The source for essentially all hydrogen in the corn plant is hydrogen extracted from water (Figure 3). During photosynthesis, as plant cells assimilate oxygen, extracted from CO2, into sugar, these cells also assimilate hydrogen, extracted from water, into sugar. Approximately 91% of corn grain dry matter is derived from air and water..

Carbon, Oxygen, and Hydrogen Uptake

The key to managing these essential nutrients is to manage soil water. If the soil contains too much water, mitochondria in the corn root cells suffocate from lack of oxygen and die, leading to overall root death. The soil atmosphere contains up to about 21% oxygen, whereas the solubility of oxygen in water is about 6 to 12 parts per million. Oxygen in the soil atmosphere in a well-aerated soil is about 30 times more available to the corn root than oxygen in a water-saturated soil.

If the soil contains too little water, evapotranspiration is limited, plant stomates close, and very little carbon dioxide and oxygen are captured in stomatal chambers (Figure 4). Reduced carbon dioxide levels limit the amount of carbon that is converted into sugar, and reduced oxygen levels inhibit mitochondrial respiration for energy production. Limitations of both functions reduce grain yield. When the corn plant is transpiring properly, stomates are open to allow for release of water vapor into the atmosphere. These open stomates also allow CO2 and O2 to move from the atmosphere into stomatal chambers. As stomates close to conserve water during dry conditions, these closed stomates also restrict the capture of CO2 and O2.

Managing water in the soil is like managing the oil in your tractor engine. As long as you maintain the oil level between the “full” and the “add” marks on the dipstick, oil pressure is suitable for proper engine function. For water, as long as the water content in the soil is greater than the wilting point and is at or less than field capacity, corn grows properly. Management practices to better ensure maximum corn growth and yield include:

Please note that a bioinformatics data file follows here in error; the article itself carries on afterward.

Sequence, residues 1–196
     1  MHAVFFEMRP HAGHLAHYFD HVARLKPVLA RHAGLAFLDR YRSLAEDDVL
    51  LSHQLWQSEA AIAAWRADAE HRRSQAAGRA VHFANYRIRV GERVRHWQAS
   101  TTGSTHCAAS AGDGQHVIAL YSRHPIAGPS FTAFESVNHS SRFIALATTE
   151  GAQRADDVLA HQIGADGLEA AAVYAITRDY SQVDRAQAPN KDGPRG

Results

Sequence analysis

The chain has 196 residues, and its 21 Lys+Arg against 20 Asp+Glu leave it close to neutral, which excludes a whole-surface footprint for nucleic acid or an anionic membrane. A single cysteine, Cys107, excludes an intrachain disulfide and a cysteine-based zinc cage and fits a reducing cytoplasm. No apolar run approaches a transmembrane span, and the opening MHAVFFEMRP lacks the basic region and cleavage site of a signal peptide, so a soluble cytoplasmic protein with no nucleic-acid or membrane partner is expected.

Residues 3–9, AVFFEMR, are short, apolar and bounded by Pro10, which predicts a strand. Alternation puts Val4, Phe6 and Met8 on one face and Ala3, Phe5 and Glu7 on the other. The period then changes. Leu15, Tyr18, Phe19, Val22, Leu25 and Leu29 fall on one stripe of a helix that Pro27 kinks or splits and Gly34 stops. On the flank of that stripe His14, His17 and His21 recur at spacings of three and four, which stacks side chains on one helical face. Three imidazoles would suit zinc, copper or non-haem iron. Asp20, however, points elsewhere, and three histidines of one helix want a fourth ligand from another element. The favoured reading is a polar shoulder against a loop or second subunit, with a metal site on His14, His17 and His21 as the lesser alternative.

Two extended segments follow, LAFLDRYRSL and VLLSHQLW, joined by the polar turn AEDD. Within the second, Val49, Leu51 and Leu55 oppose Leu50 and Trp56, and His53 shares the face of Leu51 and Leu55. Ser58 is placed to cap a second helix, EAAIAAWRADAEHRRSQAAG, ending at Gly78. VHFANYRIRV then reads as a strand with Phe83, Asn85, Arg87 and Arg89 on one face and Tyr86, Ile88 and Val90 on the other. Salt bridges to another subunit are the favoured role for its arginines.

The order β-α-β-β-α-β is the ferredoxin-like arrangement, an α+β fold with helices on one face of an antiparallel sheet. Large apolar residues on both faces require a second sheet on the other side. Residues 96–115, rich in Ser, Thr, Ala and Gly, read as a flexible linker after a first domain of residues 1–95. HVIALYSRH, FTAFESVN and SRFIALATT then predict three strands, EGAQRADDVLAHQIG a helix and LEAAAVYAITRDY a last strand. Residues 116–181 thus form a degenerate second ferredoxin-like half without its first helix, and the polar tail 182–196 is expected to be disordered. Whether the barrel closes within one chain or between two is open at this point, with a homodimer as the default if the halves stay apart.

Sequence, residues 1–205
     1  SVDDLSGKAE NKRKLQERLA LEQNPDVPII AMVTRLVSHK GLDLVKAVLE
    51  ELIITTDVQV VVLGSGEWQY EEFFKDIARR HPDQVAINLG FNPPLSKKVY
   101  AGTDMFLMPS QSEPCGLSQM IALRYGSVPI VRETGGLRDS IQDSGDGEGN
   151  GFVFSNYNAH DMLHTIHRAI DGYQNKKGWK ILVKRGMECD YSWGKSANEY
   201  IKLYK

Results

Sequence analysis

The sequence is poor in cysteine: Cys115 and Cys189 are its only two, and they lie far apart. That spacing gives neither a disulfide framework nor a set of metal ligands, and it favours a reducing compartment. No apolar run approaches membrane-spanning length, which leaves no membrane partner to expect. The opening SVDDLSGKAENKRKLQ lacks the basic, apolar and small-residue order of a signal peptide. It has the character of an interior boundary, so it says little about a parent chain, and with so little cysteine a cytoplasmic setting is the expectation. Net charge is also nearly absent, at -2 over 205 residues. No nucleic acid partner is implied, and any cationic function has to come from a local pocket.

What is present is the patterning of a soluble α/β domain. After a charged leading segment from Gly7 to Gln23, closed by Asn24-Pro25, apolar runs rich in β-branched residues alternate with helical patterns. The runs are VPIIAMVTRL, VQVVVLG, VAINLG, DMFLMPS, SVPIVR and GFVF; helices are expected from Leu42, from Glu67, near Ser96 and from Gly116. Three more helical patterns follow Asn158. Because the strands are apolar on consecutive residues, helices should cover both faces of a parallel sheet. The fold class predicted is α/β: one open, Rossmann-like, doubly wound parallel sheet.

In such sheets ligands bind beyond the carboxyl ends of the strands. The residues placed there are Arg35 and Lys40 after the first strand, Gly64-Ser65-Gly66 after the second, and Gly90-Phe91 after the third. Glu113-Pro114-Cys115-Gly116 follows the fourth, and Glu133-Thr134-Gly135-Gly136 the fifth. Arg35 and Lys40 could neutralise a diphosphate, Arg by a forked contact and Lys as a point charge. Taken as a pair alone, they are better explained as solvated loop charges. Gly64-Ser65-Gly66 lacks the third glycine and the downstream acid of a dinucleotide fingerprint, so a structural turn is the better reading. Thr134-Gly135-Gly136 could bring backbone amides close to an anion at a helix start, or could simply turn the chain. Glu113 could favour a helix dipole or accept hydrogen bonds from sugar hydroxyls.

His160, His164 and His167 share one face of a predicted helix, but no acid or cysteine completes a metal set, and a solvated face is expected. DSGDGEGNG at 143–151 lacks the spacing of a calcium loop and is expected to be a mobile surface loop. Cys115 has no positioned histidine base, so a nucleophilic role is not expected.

• Install tile drainage to more rapidly remove excess water during rainy periods.
  • Manage soil tillage to create a soil structure that allows maximum water percolation and capture during and after rains or irrigation events.
  • Improve the soil structure to allow better retention of water between rainfalls or irrigations.
  • Conserve soil moisture by maintaining surface residue to reduce evaporation of water directly from the bare soil surface.
  • Fertilize properly to allow the corn plant to efficiently capture all of the carbon it can.
  • Select hybrids that perform well in drier environments.

Stomatal guard cells - regulate exchange of materials between the atmosphere and corn plants

Figure 4. Stomatal guard cells regulate the exchange of materials between the atmosphere and the corn plant. Proper soil moisture better ensures guard cells are open to allow for maximum uptake of CO2 and other gases.


  • Latshaw, W. L., and E. C. Miller. 1924. Elemental composition of the corn plant. Journal of Agricultural Research 27:845-860.
  • Salisbury, F. B. and C. W. Ross. 1978. Plant Physiology. 2nd Ed. Wadsworth Publishing Co., Belmont, CA. pp. 123-159.

The foregoing is provided for informational use only. Please contact your Pioneer sales professional for information and suggestions specific to your operation. Product performance is variable and depends on many factors such as moisture and heat stress, soil type, management practices and environmental stress as well as disease and pest pressures. Individual results may vary.